Fine Motor Skills: Fine-Motor skills are your child’s ability to control his hands and fingers. He needs these for activities like cutting and folding paper, tying shoelaces, typing on the computer, writing and coloring. Studies have shown that 60-70% of children’s schoolwork requires fine-motor skills.
How Do Parents Help Build these 7 Skills at Home?
Language: To build this skill, read picture books to your child as often as you can, asking her questions or expanding upon things that capture her interest. It’s also important to converse with her about everything and anything all the time. Children raised in high-language households have IQs scores that are 38-points higher than kids brought up in low language homes.
Knowledge/ Comprehension: Nothing beats real experiences like going to the doctor, visiting a beach, baking cookies, or taking a trip to the grocery store for acquiring knowledge. Concept books such as Richard Scarry’s Best First Book Ever cover all the basics kids are expected to know by kindergarten.
Mathematics: Always build math into conversations you have with your child. “Dinner will be ready in five minutes.” “Do you want a whole cookie or a half a cookie?” Make a habit of counting everything – from your child’s toes to the number of days until your vacation. Let your child help you sort dark and light clothes when you do laundry. Post a chart of your child’s schedule, so he can see the sequences of his own life. Put his stuffed animals in order of size from smallest to largest. Compare cheese pizza to pepperoni pizza or the Sponge Bob to Arthur. Also, cook together and let your child learn to measure. Hands on learning is a great way to build this life skill into your child’s way of thinking.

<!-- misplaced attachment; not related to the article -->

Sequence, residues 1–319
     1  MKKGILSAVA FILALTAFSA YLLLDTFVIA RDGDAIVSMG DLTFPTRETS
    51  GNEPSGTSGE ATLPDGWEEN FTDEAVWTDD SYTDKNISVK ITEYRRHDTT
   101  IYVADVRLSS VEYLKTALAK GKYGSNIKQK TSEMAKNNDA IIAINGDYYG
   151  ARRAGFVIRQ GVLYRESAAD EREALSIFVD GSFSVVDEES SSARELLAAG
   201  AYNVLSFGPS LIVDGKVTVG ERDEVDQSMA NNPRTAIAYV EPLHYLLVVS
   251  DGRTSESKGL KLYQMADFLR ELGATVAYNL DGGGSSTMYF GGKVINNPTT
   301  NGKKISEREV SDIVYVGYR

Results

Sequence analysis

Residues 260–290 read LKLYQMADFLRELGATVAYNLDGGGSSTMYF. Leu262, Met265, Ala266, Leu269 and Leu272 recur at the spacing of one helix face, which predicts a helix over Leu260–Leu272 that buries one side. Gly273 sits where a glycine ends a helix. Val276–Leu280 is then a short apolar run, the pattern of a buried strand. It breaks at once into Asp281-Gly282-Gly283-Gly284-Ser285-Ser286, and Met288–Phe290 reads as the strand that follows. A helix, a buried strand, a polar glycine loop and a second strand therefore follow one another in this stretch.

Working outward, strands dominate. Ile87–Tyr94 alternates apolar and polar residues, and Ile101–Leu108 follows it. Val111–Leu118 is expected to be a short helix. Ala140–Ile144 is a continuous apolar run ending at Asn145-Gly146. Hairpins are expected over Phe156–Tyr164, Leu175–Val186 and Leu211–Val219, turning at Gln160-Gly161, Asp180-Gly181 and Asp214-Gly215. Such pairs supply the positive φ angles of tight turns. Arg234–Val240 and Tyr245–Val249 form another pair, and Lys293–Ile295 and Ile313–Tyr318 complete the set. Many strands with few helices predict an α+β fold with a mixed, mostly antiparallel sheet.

Spatial Reasoning: Working with puzzles and blocks is a great way to strengthen spatial skills. Look for visual challenges in Highlights Magazine, which always features hidden pictures inside other pictures, or read a Where’s Waldo book and let your child find Waldo.
Cognitive Skills: You can help him become a thinker and problem solver at home. When the ball rolls behind the console, ask him to come up with ways to retrieve it. When he can’t get dressed in time for school, ask him to think of ideas for getting ready faster. Pose thought provoking questions like, “What do you think would happen if a child were president?’ Give him a voice in making choices so he’ll become comfortable with decision-making. Finally, one of the best ways to build cognitive skills is to stand back and let your child play.
Fine Motor Skills: Working with Play-Doh, drawing with crayons, and cutting shapes are wonderful ways to build fine-motor skills. Line up an assortment of coins, all heads up. See how many your child can turn over in thirty seconds. With more than one child, make it a race.
7 Skills for Lifelong Learning Together
All in all, you can see that these concepts and activities are an apt summary of what your child will need to thrive in her everyday life. These are the next steps for you as a parent to teach her and be confident in the direction you are leading your child to go, as well. It’s much like the What to Expect books you may have read before your child was born. But this list is a what to expect before kindergarten version! In the end, you will find that interacting with your child for these seven skills also brings a gift of shared learning and times together, which will form a special bond between you for a lifetime of learning and growing up together.